Niki Kelly: Time to blow up Indiana’s fireworks law


By Niki Kelly

Guest columnist

Watching a great fireworks display — punctuated by bright colors and trailing sparks — is a delight. But Indiana’s Wild West approach to fireworks is wreaking havoc and needs to be changed.

There is a middle ground between a month-long barrage of booms in tight quarters and a complete ban, and it’s time for state lawmakers to find it.

Before 2006, you could buy fireworks in Indiana but had to sign a waiver saying you wouldn’t set them off here. The wink-and-nod arrangement was admittedly stupid.

The Indiana General Assembly passed a bill — and Gov. Mitch Daniels signed it into law at a nearby fire station — allowing Hoosiers to set off fireworks on their own property. In addition, the state started charging a “public safety” tax on the sale of fireworks to fund $1 million in annual firefighter training.

In 2022, that tax brought in more than $5 million.

It was the latter point Daniels and legislators focused on, not the carnage left by the pyrotechnics.

Local government can crack down on fireworks use most of the year. But the state law protects certain days during the year in which all Hoosiers are allowed to blast them off with no consequences:

  • Between the hours of 5 p.m. and two (2) hours after sunset on June 29, June 30, July 1, July 2, July 3, July 5, July 6, July 7, July 8, and July 9;
  • Between 10:00 a.m. and midnight on July 4; and
  • Between the hours of 10 a.m. on December 31 and 1 a.m. on January 1.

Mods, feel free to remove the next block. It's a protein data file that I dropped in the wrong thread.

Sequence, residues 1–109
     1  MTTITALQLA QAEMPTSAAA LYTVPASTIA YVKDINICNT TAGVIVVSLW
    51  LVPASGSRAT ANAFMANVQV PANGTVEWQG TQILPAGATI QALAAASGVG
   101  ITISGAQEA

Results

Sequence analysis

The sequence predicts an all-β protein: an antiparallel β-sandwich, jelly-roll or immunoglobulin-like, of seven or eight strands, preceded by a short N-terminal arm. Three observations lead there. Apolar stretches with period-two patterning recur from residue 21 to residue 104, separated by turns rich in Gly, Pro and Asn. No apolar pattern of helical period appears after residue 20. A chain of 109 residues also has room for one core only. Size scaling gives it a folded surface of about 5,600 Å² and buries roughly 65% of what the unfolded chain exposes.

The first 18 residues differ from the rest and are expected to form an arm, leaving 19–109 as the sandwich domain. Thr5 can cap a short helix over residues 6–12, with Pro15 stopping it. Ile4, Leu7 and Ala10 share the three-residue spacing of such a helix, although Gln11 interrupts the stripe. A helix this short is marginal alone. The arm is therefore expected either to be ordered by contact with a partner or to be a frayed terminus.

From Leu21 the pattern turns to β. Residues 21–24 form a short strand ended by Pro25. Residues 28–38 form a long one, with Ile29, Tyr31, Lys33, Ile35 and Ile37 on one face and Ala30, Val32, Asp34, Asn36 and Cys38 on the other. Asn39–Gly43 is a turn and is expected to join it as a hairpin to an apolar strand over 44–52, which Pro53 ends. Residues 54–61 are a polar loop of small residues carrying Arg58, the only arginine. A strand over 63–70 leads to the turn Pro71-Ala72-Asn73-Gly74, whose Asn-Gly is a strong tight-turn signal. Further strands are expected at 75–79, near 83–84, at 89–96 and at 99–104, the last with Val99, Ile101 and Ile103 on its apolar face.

You read that right, local units of government can do nothing about incessant fireworks for 11 days around the Independence Day holiday.

The fireworks lobby insists Hoosiers must be protected in their ability to blow $%&! up in case the weather the weekend before or after doesn’t cooperate. And that leads to days on end of noise and danger.

That could be easily tweaked — and a bill in 2022 would have done that, but didn’t receive a vote after being heard in committee. Police and local officials testified in support of clamping down on some of those days, and spoke of the strain fireworks put on emergency services.

“One day — not 11 days,” one now-retired lawmaker said during that hearing while noting a local barn that burned down due to fireworks. “I have replaced my back screen door three times because it petrifies my dog.”

But that’s not the worst part of the law. It’s that it doesn’t protect urban dwellers at all.

You can set your neighbors’ house on fire and disturb families for days on end. And police simply use the state law as an excuse to not respond to complaints, even when they are legitimate. There were numerous news reports of damage caused by fireworks in the last week, including one apartment complex fire in Indianapolis.

And what about injuries? I wish I could give you statistics, but lawmakers in 2018 decided to eliminate an annual report on fireworks injuries. At the time, the Indiana Department of Health said it’s because not all health care providers were filing reports so the data wasn’t comprehensive.

Fair point — but it did provide at least a minimum number of injuries and a trend line. For instance, one of the last reports found at least 238 Hoosiers were injured by fireworks between September 2016 and September 2017 — including a 1-year-old child — in the highest numbers of the past decade.

Now, I’m not saying I haven’t set off fireworks from time to time. But I live on several acres of land outside city limits with a fair amount of distance between my neighbors. I didn’t do it when I shared walls at my Indianapolis condo — out of both courtesy and safety concerns.

Lawmakers need to put Hoosiers before money and make common sense adjustments to the law, including limiting the number of days fireworks can be used and allowing densely populated cities to clamp down.

Niki Kelly is editor-in-chief of, where this commentary first appeared. She has covered Indiana politics and the Indiana Statehouse since 1999 for publications including the Fort Wayne Journal Gazette. Send comments to [email protected].

No posts to display